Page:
Trader Talk with Bob Pisani

Bob Pisani

Bob Pisani
CNBC "On-Air Stocks" Editor

A CNBC reporter since 1990, Bob Pisani has covered Wall Street and the stock market for nearly 20 years. Pisani covered the real estate market for CNBC from 1990-1995, then moved on to cover corporate management issues before becoming Stocks Correspondent in 1997.

In addition to covering the global stock market, he also covers initial public offerings (IPOs), exchange-traded funds (ETFs) and financial market structure for CNBC.

In 2013, he won Third Place in the National Headliner Awards in the Business and Consumer Reporting category for his documentary on the diamond business, "The Diamond Rush."

In 2014, Pisani was honored with a Recognition Award from the Market Technicians Association for "steadfast efforts to integrate technical analysis into financial decision making, journalism and reporting."

Prior to joining CNBC, Pisani co-authored "Investing in Land: How to Be a Successful Developer." He and his father taught a course in real estate development at the Wharton School of Business at the University of Pennsylvania from 1987-1992. Pisani learned the real estate business from his father, Ralph Pisani, a retired real estate developer.

Follow Bob Pisani on Twitter @BobPisani.


  • Two weeks ago, hedge fund traders were screaming that they couldn't make any money because of those damn "machines" (which is short for "high frequency traders" or "algorithms" or "anything I don't understand"). This week, the bogeyman is the lack of an uptick rule.

  • The trucks are gone out front of the New York Stock Exchange. Two weeks ago, Broadway was a sea of TV trucks...Friday, there is a lone truck on a side street. What happened? Has the media lost interest?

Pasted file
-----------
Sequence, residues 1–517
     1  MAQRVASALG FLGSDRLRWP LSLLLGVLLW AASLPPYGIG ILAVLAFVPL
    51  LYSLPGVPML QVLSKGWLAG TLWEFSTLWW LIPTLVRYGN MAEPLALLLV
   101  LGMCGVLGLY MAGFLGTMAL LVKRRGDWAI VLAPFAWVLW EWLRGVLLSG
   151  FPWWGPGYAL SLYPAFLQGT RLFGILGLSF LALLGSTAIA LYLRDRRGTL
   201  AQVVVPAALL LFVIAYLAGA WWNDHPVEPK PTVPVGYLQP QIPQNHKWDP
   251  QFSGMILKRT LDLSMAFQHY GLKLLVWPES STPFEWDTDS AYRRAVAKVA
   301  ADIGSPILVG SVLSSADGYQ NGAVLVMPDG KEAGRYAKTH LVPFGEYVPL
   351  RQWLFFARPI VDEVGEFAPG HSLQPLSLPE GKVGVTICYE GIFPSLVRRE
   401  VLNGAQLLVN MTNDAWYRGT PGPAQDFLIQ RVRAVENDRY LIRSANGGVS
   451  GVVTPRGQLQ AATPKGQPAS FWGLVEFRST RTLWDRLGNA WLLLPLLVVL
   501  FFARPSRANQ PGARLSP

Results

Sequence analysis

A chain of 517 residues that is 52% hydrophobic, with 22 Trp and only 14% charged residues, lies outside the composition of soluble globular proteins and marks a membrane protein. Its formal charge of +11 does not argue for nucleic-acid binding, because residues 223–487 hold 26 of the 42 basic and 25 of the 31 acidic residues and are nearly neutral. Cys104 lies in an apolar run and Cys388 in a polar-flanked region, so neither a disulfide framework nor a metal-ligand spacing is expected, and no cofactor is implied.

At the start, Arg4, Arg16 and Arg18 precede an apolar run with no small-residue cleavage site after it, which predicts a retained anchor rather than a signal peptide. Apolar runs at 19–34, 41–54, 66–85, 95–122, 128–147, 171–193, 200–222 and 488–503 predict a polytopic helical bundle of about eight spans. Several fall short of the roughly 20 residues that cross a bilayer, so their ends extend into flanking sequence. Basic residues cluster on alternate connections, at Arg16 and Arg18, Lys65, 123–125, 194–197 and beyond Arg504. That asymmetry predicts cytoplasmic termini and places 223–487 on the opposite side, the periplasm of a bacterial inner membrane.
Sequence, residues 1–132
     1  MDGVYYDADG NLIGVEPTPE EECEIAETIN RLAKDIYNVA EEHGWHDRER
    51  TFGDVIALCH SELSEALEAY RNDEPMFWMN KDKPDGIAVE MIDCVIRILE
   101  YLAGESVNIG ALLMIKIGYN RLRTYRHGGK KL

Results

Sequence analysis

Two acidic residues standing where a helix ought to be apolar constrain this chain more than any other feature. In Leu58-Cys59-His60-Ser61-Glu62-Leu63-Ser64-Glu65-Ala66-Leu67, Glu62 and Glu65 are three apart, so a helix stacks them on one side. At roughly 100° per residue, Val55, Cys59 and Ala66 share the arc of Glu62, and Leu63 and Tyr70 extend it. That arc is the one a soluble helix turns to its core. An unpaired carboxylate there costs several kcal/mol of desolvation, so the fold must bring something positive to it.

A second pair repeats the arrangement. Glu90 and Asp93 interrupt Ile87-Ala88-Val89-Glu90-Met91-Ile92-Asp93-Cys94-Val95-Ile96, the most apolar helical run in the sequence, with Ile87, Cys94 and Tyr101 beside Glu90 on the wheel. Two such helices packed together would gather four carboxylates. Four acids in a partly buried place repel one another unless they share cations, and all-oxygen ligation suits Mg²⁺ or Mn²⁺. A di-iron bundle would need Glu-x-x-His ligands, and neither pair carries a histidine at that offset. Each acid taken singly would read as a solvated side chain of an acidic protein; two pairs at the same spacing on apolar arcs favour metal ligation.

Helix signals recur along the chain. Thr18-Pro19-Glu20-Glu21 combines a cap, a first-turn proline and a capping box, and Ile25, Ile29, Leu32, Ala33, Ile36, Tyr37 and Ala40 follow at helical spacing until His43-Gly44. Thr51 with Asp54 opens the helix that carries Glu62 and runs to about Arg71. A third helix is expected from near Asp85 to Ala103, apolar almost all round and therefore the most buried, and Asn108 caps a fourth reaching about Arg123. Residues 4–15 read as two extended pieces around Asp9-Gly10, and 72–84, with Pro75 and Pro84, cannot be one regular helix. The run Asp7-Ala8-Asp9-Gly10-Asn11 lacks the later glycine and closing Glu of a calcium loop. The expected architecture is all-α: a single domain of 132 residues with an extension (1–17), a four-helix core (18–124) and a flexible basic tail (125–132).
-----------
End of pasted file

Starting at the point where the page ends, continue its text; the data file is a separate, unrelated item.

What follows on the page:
• Right now, the run rate for the NYSE Consolidated Tape (all trading in all NYSE stocks) is about 5.5 billion. That is well below the 8-10 billion level we have seen on similar down days during the last two weeks.

  • Gee, isn't this good news? I mean, we all know that PCs are a low-margin business. Heck, IBM got rid of their PC business and never looked back.

  • Gold

    According to the report, global consumers bought 919.8 metric tons of gold in the second quarter, a decrease of 17 percent compared to the same period in 2010, and a decline of about 5 percent from the first quarter.

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    There were several issues weighing on stocks this morning, including a hotter-than-expected consumer price report.

  • This is clearly a case of seller exhaustion, but we are seeing very little buyer enthusiasm. In other words, after the big dropoff markets have drifted up on oversold conditions, and on some attempting to pick up a few bargains.

  • So much for blaming the volatility on high frequency traders: stock investors took $30 billion out of stock mutual funds (domestic and foreign) for the week ending August 10, according to the Investment Company Institute.

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    Wrong again: Traders Tuesday believed that Europe would be down 2 percent on what was termed a "disappointing" press conference with Merkel and Sarkozy. Wrong.

  • "If it's anything like what Reps. Perlmutter & Defazio proposed in 2009, it would put us and virtually all quant traders out of business overnight," a high-frequency trader wrote.

  • Bob Pisani

    A CNBC reporter since 1990, Bob Pisani covers Wall Street from the floor of the New York Stock Exchange.

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